Tuesday, December 29, 2015

Voyage the Yacht-The Galley

The perfect boat discussion usually is centered around sail area to displacement ratios and designer/builder characteristics.  How about the galley and provisions stowage?  Very important stuff, food.  No food, no cruise.

Along the same lines as the cost of cruising, cooking during a cruise is going to be similar to the way you do it at home.  There are two big differences:  dry storage space (cabinets and shelving) and cold storage (refrigerators and freezers).  The smallest apartment or house has more stowage than almost any cruising yacht a couple can easily handle.

The resource:  http://theboatgalley.com/pressure-cookers/  Pressure cookers are the best.  Lots of great tips.  The author of this blog covers the subject well.

Reducing the galley discussion to simple terms:  
The drawers and cabinets must hold the utensils and cookware you use and the foods you cook.  
Pots and pans must fit on the stove burners when the yacht is sailing, heeling.  I prefer saute pans and pots without long handles.  A small stove top pressure cooker is almost essential.  However, if the pots are hard to stow and don't fit the stove, they are useless.

You know how you cook.  Now, you can start looking for the most suitable galley propelled by the appropriate sail area to displacement ratio.

Here are some views of two similar plain vanilla 38 footers of about 16,000 pounds displacement.  The galley is small with little workable counter space unless the navigation table is called into action.    I had a similar setup on the C&C 38 Mk 3 I skippered for years.  Using the navigation station as a surface is practical in port, count on it.

 Space behind the settee cushions may be suitable for some galley equipment.  The first thing to notice is that the storage space is going to need some sort of "lee cloth" to keep items from falling out.  this is a typical retrofit.  The PFDs demonstrate the amount of space available.

When you start voyaging your house, little things make the biggest differences.  House or boat, same, same.  Ashore, we can nip off to the nearest big box store for another set of shelf systems and set it up in the basement.  The rule of available space:  Parkinson's Law.

Thursday, December 24, 2015

Retire and Go Sailing- The Boat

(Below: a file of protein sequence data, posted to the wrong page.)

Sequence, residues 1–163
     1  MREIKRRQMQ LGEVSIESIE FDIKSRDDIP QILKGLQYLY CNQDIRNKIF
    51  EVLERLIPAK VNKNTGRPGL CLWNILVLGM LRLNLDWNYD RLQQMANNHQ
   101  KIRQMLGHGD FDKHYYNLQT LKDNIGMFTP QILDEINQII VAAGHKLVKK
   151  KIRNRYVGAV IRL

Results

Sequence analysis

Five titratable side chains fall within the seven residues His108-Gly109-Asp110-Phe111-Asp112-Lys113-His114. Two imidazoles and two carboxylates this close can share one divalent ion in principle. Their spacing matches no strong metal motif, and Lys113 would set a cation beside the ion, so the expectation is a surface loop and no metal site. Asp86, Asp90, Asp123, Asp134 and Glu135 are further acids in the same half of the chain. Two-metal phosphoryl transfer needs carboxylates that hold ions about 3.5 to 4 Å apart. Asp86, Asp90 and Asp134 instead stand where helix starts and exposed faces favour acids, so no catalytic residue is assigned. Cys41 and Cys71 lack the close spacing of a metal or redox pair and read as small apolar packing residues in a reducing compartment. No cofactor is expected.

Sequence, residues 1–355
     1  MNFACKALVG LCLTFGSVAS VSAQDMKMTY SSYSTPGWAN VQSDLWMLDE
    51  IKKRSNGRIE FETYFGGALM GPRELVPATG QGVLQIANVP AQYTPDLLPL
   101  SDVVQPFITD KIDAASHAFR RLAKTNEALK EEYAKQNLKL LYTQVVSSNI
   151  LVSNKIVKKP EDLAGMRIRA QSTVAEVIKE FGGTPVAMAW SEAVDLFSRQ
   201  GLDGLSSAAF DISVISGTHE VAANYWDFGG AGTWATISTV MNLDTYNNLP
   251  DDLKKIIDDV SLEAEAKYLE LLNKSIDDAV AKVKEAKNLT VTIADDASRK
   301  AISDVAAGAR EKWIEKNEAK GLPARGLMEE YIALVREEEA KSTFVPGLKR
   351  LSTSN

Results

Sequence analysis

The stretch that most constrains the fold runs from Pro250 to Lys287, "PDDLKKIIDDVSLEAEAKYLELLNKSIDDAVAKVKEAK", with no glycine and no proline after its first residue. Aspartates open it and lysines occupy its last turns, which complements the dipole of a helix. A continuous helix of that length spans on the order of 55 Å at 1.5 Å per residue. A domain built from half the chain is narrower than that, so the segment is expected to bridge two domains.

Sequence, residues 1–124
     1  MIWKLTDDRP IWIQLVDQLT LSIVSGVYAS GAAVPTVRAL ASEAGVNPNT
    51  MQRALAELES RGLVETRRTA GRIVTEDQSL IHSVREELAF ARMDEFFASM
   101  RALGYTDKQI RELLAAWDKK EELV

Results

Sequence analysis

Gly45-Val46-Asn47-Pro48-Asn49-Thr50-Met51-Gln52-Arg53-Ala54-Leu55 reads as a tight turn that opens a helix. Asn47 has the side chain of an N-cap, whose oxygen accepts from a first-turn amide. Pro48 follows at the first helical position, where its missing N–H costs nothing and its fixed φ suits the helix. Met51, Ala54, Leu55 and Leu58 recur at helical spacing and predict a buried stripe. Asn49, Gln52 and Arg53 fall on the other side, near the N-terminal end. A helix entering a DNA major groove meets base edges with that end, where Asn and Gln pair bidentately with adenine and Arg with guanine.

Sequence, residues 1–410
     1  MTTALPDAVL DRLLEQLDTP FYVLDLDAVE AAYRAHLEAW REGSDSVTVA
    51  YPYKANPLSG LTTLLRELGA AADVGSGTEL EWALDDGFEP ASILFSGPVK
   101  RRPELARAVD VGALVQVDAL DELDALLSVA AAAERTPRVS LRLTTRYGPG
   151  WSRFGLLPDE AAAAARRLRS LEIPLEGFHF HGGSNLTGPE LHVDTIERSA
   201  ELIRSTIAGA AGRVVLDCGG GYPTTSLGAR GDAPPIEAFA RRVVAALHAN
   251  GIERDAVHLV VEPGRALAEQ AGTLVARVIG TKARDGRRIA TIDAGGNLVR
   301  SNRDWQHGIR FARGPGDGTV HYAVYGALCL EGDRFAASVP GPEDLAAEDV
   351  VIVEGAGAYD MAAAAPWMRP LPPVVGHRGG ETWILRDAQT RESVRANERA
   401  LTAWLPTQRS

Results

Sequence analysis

The perfect house?  The perfect boat?

As a result of reading a lot of blogs and forums about "the perfect boat" I did some thinking in an effort to reduce the answer to something simple and straightforward.  Here's what I came up with and two images that demonstrate the point.

A lot of time is spent at anchor so that should be comfortable.  Some hull shapes are quieter than others.  Pick a comfortable shape where the transom overhang does not slap the water.  The images of two models of C&C 38s follows.  The older model has a nicely sloping counter the newer one has a flat counter that slams hard in even the gentlest chop.  I have sailed both types and like them both.

A jarring "slap" with each passing wake or chop makes sitting in the cockpit or sleeping forward unpleasant.  Since half your day is either lounging in the cockpit or sleeping, the slapping issue is very important.  The rest is really about taste.
A superb resource for sail boat details and drawings is www.sailboatdata.com

A reference for boat relative speed, another article for later, is www.phrfne.org

This shape rides gently at anchor and under sail

Four cruisers rafted with a racer

Wednesday, December 23, 2015

Retire and Go Sailing

Retire and go sailing.  A great idea from my point of view.  Some people actually do it.  A lot more talk about it in terms of can it be afforded and what is the perfect boat or how do I start?

I like this blog:  http://www.frugal-retirement-living.com/index.html

A very pretty Bermuda 40 yawl all tricked out for voyaging.  This picture was taken during a training cruise.  The students got a chance to look at the B-40's details and discuss the features.  A lot of learning happens when you go on a training cruise, even if it is just a few days in duration.

There are always a few basic questions as noted above.  There are always a few too-short answers as follow!

Short answers:
The cost of cruising is the same as the cost of doing anything else, it can be as expensive or cheap as you like.  Mostly, the way you live ashore is the way you will live aboard so those costs are going to translate pretty well from house to boat.

There is no perfect boat.  The proof is that when you are out there, you'll see a lot of different boats each with a happy cruiser aboard.  What about the unhappy cruisers?  They quit and it isn't the boat that does it.
Cruising yachts rafted to pontoons in Camden Maine, Inner Harbor.  Each on a "perfect boat."

Where to start?  Start with sailing school, Take courses up to the most advanced level possible such as:
Maybe charter a few times in a couple of different places on a few different types of yachts.  The instructors, charter captains, and other professionals will provide barrels of useful information.  Sailing with a professional will help the student acquire a library of best practices.

One dinghy has its oars stowed improperly!